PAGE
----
Language Selection

English French German Italian Portuguese Spanish

Microsoft's midlife crisis

Filed under
Microsoft

Microsoft is slowing down. It is bigger, more lumbering and less profitable than it was five years ago. Its sales are up 73% in five years, but profits are up only 30%. Payroll has doubled in the last six years. In the fiscal year just ended, sales rose only 8%, the first time the company has ever reported less than double-digit growth.

In the dog years of Silicon Valley, Microsoft, at 30, is in advanced middle age. The company relies on Windows and a suite of desktop applications--products released a decade ago--for 80% of sales and 140% of profits. Newer products--the Xbox videogame machine, the MSN online service, the wireless and small-business software--collectively have racked up $7 billion in losses in four years.

In Web-server software, Microsoft has 20% of the fast-growing market, while the free Apache program, a Linux variant, has 70%--worth $6 billion in revenue had Microsoft gotten the sales. In search, Google and Yahoo! get 70% of queries while MSN gets only 13%. Google now gives away features (desktop search, photo archiving) that Microsoft promises in its next upgrade of Windows--which is running two years late.

What has gone wrong?

"Microsoft is a vestige of the past," says Marc Benioff, chief of rival Salesforce.com.

"Microsoft has become what it used to mock," says Gabe Newell, a developer on the first three versions of Windows.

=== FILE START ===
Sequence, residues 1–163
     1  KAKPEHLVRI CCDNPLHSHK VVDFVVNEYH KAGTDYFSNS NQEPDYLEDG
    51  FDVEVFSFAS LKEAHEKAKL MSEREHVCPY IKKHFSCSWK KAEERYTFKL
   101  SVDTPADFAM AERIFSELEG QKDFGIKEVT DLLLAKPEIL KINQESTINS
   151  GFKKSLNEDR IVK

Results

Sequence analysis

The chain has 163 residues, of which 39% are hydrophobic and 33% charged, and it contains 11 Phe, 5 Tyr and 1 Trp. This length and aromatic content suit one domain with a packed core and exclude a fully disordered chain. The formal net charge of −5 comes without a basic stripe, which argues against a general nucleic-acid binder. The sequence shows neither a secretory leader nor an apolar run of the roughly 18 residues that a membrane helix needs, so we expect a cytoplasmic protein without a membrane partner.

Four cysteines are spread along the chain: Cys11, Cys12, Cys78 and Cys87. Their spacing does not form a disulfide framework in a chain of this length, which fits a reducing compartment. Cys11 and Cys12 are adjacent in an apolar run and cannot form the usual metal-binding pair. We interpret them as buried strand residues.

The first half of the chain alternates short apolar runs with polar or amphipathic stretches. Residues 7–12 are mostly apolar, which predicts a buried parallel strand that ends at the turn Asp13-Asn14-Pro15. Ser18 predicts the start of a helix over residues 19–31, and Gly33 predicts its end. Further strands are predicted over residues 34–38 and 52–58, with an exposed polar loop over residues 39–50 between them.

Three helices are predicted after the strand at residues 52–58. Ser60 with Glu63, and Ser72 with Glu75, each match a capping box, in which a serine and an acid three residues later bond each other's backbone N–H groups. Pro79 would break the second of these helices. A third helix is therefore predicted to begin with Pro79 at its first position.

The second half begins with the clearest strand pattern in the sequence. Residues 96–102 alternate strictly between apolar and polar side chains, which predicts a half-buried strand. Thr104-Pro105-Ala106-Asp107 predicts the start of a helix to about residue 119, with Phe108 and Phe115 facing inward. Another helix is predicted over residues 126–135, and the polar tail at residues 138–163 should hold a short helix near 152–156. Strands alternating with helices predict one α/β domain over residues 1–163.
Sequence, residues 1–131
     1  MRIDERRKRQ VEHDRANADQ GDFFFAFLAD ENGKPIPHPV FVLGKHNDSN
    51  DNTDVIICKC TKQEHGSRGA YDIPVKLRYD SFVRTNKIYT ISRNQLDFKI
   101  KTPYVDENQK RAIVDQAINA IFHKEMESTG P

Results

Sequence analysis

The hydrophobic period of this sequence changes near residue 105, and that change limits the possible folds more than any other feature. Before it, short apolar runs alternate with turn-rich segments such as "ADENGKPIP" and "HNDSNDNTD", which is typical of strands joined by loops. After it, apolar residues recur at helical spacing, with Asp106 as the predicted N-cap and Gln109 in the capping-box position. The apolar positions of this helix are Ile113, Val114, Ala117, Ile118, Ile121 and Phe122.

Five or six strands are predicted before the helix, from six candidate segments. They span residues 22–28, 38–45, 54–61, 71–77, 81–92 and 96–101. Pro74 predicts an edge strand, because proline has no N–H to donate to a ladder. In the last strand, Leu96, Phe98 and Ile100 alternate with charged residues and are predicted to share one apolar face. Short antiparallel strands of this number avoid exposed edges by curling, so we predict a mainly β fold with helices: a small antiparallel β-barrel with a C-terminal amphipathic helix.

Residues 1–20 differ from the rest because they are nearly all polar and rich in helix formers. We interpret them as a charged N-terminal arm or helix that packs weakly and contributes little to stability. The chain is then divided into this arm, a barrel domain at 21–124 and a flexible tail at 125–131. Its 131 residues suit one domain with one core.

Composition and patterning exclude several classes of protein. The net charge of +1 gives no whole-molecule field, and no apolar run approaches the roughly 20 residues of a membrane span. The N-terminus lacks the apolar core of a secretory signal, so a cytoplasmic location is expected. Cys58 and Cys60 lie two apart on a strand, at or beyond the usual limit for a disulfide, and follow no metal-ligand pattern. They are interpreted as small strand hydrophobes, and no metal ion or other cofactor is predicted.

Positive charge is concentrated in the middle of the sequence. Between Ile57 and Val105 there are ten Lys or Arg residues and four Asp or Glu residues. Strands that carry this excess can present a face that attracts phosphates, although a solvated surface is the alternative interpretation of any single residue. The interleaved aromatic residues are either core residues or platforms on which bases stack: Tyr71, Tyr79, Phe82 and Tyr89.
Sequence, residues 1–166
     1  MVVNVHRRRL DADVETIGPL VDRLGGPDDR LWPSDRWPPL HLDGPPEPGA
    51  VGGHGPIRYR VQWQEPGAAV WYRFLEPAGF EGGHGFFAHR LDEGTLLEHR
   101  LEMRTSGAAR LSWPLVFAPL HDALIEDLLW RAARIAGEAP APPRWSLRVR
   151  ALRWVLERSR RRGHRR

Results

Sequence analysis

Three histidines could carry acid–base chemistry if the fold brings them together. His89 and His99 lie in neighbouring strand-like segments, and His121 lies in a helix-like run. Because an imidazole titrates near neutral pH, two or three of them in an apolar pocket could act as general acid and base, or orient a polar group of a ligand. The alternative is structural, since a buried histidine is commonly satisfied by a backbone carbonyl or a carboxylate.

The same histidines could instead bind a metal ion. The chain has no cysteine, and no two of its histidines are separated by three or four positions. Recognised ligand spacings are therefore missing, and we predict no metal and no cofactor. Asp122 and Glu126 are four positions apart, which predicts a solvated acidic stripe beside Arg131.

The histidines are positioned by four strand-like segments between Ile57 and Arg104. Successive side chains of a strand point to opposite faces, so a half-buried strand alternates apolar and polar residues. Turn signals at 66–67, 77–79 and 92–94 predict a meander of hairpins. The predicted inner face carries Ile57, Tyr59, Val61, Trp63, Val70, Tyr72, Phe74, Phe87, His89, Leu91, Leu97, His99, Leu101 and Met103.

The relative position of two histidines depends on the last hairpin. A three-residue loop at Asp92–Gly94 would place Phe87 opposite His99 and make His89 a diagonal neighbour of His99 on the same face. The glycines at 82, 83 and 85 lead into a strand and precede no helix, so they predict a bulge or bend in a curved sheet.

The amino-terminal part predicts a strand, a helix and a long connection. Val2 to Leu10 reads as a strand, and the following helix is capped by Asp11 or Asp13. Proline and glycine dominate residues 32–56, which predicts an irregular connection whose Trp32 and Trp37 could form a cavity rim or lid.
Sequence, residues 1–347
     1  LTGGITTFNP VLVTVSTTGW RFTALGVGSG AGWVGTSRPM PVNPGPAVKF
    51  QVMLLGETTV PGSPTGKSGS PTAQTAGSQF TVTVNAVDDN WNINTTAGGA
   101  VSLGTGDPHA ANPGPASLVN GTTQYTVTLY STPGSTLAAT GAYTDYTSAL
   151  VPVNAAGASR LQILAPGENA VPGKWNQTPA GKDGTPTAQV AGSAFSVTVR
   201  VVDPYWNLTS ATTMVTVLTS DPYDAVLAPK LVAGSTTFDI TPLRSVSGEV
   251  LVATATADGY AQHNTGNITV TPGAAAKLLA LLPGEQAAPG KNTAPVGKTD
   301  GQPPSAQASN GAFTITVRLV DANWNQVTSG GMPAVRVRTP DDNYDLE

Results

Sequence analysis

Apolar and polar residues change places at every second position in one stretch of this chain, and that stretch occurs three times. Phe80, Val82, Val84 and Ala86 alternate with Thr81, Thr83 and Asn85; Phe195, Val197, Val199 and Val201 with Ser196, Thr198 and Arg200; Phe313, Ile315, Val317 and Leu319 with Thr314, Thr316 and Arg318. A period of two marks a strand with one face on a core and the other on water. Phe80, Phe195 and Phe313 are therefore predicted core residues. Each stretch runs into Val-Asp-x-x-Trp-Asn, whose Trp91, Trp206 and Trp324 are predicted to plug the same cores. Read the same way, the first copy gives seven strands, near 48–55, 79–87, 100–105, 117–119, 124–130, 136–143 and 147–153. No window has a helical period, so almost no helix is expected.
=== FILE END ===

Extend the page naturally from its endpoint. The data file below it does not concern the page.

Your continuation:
Jeff B. Erwin, who quit in December after five years there, adds, "Microsoft has some of the smartest people in the world, but they are just crushing them. You have a largely unhappy population."

Full Story.

More in Tux Machines

Red Hat News

Kernel Space/Linux

today's howtos

Ten Years as Desktop Linux User: My Open Source World, Then and Now

I've been a regular desktop Linux user for just about a decade now. What has changed in that time? Keep reading for a look back at all the ways that desktop Linux has become easier to use -- and those in which it has become more difficult -- over the past ten years. I installed Linux to my laptop for the first time in the summer of 2006. I started with SUSE, then moved onto Mandriva and finally settled on Fedora Core. By early 2007 I was using Fedora full time. There was no more Windows partition on my laptop. When I ran into problems or incompatibilities with Linux, my options were to sink or swim. There was no Windows to revert back to. Read more